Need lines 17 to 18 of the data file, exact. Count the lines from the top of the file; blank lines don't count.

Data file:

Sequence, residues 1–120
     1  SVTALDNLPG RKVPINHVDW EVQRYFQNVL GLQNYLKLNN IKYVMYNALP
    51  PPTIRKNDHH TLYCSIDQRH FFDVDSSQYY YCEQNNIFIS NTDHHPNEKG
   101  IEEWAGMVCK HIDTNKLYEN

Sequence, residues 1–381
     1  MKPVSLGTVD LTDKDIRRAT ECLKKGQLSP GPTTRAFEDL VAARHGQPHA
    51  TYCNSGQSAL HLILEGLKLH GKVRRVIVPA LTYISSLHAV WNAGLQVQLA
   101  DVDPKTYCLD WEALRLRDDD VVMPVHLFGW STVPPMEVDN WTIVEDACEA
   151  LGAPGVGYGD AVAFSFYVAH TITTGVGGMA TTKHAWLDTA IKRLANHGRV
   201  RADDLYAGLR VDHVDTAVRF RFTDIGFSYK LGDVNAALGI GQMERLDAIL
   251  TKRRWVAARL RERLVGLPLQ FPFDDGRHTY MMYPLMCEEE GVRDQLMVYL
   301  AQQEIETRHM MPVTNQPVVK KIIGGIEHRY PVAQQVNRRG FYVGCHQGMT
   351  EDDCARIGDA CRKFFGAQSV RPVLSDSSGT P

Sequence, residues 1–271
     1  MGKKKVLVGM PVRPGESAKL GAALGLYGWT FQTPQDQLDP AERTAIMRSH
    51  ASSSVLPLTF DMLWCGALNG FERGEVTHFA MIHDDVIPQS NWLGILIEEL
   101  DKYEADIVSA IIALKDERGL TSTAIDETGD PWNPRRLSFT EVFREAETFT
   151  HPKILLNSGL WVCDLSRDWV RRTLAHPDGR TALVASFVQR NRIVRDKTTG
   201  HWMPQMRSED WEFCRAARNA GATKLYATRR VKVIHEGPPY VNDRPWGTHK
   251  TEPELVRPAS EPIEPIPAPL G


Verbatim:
   101  DKYEADIVSA IIALKDERGL TSTAIDETGD PWNPRRLSFT EVFREAETFT
   151  HPKILLNSGL WVCDLSRDWV RRTLAHPDGR TALVASFVQR NRIVRDKTTG